Senior journalist and founder of The Frontier Post, Rehmat Shah Afridi passed away here on Saturday night after a protracted illness, according to his family. He was 74.
The funeral, held at Bagh-i-Naran on Sunday, was attended by relatives, friends, journalists and people from his native Khyber district.
He is survived by four sons — Mahmoodullah Afridi, US-based journalist Jalil Afridi, Bilal Afridi, and Barrister Ahmad Shah Afridi.
Mr Afridi’s death drew widespread condolences and messages of appreciation for his struggle for the development of journalism in Pakistan in general and Khyber Pakhtunkhwa in particular.
Mr Afridi launched The Frontier Post from Peshawar in 1985 when Gen Zia ruled the country. He was its editor-in-chief. Later, he also launched an Urdu daily Maidan from Peshawar.
His former colleagues and staffers termed his death end of an era.
They said the late Rehmat Shah was very clear about defending the rights of Khyber Pakhtunkhwa and the erstwhile Federally Administered Tribal Areas.
“Rehmat Shah Afridi believed in the rights of the inhabitants of Khyber Pakhtunkhwa and had very clear stand on issues like the renaming of the then NWFP, Kalabagh Dam and net profit on hydel power generation,” said senior journalist and former president of the Peshawar Press Club, Syed Bukhar Shah.
He said Mr Afridi had gathered some excellent journalists under the umbrella of The Frontier Post, especially the progressive voices in the country.
Mr Bukhar Shah, who served in The Frontier Post over a decade, said prominent journalist the late Aziz Siddiqui was editor when the paper was launched. Mr Siddiqui shaped the publication as one of the most progressive voices of the country, which remained in the forefront of struggle for safeguarding the rights of vulnerable groups in society.
Cherishing the memories in the paper, he recalled that Mr Rehmat Shah was pro-workers and was often seen taking lunch or dinner in newsroom or reporting room with his colleagues.
“Rehmat Shah Afridi brought out the Frontier Post from Peshawar right after Junejo sb eased Zia’s curbs on press. He empowered the late Aziz Siddiqui to assemble a stellar news & op-ed team & run the FP with full editorial independence,” US-based columnist Dr Muhammad Taqi wrote on X, formerly Twitter.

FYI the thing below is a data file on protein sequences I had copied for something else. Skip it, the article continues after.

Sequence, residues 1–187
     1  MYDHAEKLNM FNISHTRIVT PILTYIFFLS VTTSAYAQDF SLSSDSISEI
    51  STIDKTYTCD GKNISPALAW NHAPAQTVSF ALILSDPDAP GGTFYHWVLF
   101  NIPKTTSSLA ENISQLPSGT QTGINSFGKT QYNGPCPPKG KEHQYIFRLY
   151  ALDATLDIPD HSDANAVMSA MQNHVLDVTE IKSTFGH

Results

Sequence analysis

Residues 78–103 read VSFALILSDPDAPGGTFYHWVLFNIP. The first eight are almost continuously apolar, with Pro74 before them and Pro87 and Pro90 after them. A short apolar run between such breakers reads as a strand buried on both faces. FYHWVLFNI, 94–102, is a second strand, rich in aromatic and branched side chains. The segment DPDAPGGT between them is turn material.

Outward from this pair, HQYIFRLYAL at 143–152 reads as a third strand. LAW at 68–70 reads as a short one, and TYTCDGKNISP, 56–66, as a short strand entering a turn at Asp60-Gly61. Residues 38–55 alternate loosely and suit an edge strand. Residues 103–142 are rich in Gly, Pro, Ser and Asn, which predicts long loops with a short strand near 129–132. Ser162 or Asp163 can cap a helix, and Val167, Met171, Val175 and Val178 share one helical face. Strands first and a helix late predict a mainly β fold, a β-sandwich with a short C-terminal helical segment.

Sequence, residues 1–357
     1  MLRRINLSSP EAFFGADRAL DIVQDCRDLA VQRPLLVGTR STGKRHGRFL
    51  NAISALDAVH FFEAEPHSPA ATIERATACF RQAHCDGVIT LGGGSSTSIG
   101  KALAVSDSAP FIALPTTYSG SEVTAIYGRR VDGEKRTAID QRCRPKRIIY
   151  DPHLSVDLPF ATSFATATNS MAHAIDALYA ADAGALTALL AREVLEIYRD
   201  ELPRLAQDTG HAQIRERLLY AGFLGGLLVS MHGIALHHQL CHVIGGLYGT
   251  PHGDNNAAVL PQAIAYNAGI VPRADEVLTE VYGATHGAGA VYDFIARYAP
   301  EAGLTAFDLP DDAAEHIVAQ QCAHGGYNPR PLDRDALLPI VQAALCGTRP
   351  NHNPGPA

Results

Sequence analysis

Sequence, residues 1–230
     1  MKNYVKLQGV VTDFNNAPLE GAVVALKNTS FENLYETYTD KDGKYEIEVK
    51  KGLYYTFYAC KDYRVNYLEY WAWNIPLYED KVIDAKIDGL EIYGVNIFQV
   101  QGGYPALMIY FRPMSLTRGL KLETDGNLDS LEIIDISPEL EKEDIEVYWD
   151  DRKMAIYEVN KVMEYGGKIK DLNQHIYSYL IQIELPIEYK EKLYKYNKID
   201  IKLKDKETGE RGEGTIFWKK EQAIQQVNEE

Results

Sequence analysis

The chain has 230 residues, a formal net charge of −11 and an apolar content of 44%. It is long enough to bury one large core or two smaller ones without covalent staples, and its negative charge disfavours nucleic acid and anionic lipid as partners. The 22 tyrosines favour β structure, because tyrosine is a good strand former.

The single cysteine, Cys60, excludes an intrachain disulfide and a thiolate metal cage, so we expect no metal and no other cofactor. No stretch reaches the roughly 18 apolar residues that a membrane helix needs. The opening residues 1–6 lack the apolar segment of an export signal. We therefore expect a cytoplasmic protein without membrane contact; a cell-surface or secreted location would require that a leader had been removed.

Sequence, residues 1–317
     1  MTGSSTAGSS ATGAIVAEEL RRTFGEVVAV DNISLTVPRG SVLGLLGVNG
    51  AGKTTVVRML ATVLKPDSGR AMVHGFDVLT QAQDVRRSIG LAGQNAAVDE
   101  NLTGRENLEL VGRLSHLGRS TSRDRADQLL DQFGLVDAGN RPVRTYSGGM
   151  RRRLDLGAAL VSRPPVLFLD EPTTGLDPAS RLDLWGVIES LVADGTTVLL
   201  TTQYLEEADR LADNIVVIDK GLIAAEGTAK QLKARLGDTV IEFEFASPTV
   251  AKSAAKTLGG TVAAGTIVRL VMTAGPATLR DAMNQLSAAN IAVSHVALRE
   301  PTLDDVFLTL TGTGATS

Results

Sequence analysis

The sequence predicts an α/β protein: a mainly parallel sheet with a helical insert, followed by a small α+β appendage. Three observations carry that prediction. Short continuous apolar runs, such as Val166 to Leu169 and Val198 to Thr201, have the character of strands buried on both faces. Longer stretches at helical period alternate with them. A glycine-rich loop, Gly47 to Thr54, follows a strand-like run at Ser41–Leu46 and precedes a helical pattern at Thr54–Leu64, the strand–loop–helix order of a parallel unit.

An Islamabad-based journalist, who remained the FP‘s chief reporter in 1990’s, Muhammad Ilyas Khan, said, “End of an era indeed. I was in touch with him till early this year. Then his health issues started and chats on phone became infrequent.”
“The Frontier Post will always be a milestone in Pakistan’s mass media history,” he added.
A former bureau chief of the paper in Islamabad, Zafarullah Khan commented on X, “Good bye Rehmat Shah Afridi-founder of The Frontier Post-the newspaper that introduced me to the spirit of journalistic freedom for democracy and space to express without fear. He also introduced the concept of decent wages in journalism.”
He was known for his close relations with PPP leaders, including the late Benazir Bhutto. As he wielded influence among the tribal circles, there were reports after the 1993 general elections that he had convinced some tribal MNAs to support the formation of PPP government at the centre.
PPP leader and former president Asif Ali Zardari extended condolences to his sons. “Rehmat Shah Afridi’s services to journalism will be long remembered,” he said in a message.
The former president prayed to Allah for grant of eternal peace to the departed soul and courage and fortitude to the bereaved family to bear the irreparable loss.
Mr Afridi faced several hardships when he was arrested in 1999 by the Anti-Narcotics Force on charges of drug trafficking.
A trial court sentenced Mr Afridi to death, which was subsequently commuted to life imprisonment by the Lahore High Court.
Human rights bodies, including the Amnesty International, had described his arrest as politically motivated. He was released in 2008 when the then government suspended his sentence.
After his release, he continued to face health issues, but his passion for journalism didn’t end and he continued with his paper.
Published in Dawn, December 11th, 2023